If a standard is more advanced, it will describe more layers, thus making it more convenient for the development of network systems. Early Home Automation standards declared only the usage of the physical/network layer by a single medium. Later standards were influenced by other general-purpose protocols, such as TCP/IP, and they are more versatile.

The following table illustrates the characteristics and differences between the different protocols.

 

 

X10

KNX

Zigbee

Z-Wave

UPnP

  Physical layer

Poweline, wireless

Powerline, wireless twisted pair, IR

wireless

wireless

agnostic

  Network layer

broadcast

bus

mesh,broadcast, unicast

mesh, broadcast

agnostic, usually TCP/IP networks

  Application layer

none

binary

binary

binary

XML

  Data rates

20 bps over powerline

9600 bps over powerline

20-250 kbps

9.6-250 kbps

depends on physical layer

  Security

none

none

available

available

not enabled by default

  Proprietary

yes

yes

no

yes

no

  Years of
  development

1975-2010

1999-present

2000-present

2002-present

1999-present

  Official site

X10.com

knx.org

Zigbee.org

z-wavealliance.org

upnp.org

 

In addition to the above full-fledged standards, there exist several extensions and adapters for some of them created by different special interest groups. These groups strive to bring down the costs of system-on-chip controllers and Internet availability required to manage and replay the application layer of the corresponding protocols. Among the above public initiatives are the following:

1) XMPP (IETF standard). This standard is designed to give home devices direct IP access to the control servers. As the authors of the standard have put it, they are “aiming to make communication machine to people and machine to machine interoperable”.

2) The Broadband Forum TR-069 standard. The standard provides several extensions for proxying both low-level protocols to the TR-069 Management server, and work-in-progress for the direct management of the Internet of Things.

3) 6LoWPAN (IPv6 over Low power Wireless Personal Area Networks). This standard is an initiative by the IETF interest group to enable IP networking for low-power radio communication applications. These applications need wireless Internet connectivity at lower data rates to be able to work with devices that have a very limited form factor, i.e. smart grid devices.

4) The 5Gen 3GPP communication protocol (mobile networks). This protocol is in early stages of development, but its goal is described as providing power-efficient and stable access to any microcontroller.

Be Aware of Existing Problems

The problem of system security in Home Automation is, undoubtedly, one of the most frequently occurring and least properly taken care of.

Since Home Automation closely intertwines with its users’ everyday lives, and its users are not always familiar with the basics of IT, the consequences of any possible security flaws may be quite grave. These security concerns may include botnets, targeted blackmail, privacy being compromised, theft of financial data, and more.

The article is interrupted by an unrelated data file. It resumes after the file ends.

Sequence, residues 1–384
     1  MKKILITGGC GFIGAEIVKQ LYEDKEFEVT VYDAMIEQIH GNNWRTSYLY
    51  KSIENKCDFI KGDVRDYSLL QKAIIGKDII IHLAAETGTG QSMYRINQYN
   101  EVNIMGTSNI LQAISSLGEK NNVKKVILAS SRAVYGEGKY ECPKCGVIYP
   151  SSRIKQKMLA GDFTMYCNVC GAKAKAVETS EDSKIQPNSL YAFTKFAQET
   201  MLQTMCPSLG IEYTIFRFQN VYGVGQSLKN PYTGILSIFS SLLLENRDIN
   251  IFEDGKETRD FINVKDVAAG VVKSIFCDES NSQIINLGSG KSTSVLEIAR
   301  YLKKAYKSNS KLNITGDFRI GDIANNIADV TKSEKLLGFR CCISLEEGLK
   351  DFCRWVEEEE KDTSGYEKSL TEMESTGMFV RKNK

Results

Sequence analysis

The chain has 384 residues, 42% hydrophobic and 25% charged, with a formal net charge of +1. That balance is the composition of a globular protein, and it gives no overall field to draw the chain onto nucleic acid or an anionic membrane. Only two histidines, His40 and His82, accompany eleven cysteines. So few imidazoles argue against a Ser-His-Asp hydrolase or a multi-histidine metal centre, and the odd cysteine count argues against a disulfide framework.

Recent security research has shown that many home Internet devices are exposed to non-authenticated access from the Internet. Smart grid devices expose home statistics, and some systems do not require a password be entered to gain access to their configuration pages. These and similar issues should be carefully researched and knowledgably taken care of by interested technology vendors. Also, during any development project, particular attention must be paid to system security for non-experienced users.

Since most home solutions still do require some IT competence from their users, it would be more prudent to focus on developing plug-and-play protocols and applications. Moreover, the purpose of any Home Automation solution must be clearly visible to its target audience.

One should also bear it in mind that there is a true war of standards raging in the Home Automation business domain. Irrespective of their selected sub-niche, any technology vendor engaging in a development project in this area should consider implementing several specialized standards. These standards may include: KNX, Z-Wave, Zigbee, as well as several general-purpose standards, such as UPnP and Zeroconf.

Also, it may be a great market opportunity to develop a bridge between two different standards in order to upgrade the existing networks with new features provided by more up-to-date standards.

In any event, in order to minimize the cost of market entry, it is better to use open standards.

An last, but not least, the price your solution’s main components should not exceed that of other home appliances, otherwise marketing it profitably may prove to be extremely problematic.

Sources:
http://en.wikipedia.org/wiki/Home_automation
http://en.wikipedia.org/wiki/KNX_%28standard%29
http://en.wikipedia.org/wiki/ZigBee
http://en.wikipedia.org/wiki/X10_%28industry_standard%29
http://en.wikipedia.org/wiki/Internet_of_Things
http://en.wikipedia.org/wiki/Universal_Plug_and_Play
http://en.wikipedia.org/wiki/6LoWPAN
http://en.wikipedia.org/wiki/TR-069

Disclaimer:
The views and opinions expressed in this article do not constitute an endorsement of, or advice to use/purchase, or not to use/purchase any software technology product. These views and opinions are provided solely for information purposes, and interested readers should also be reliant on other competent opinions.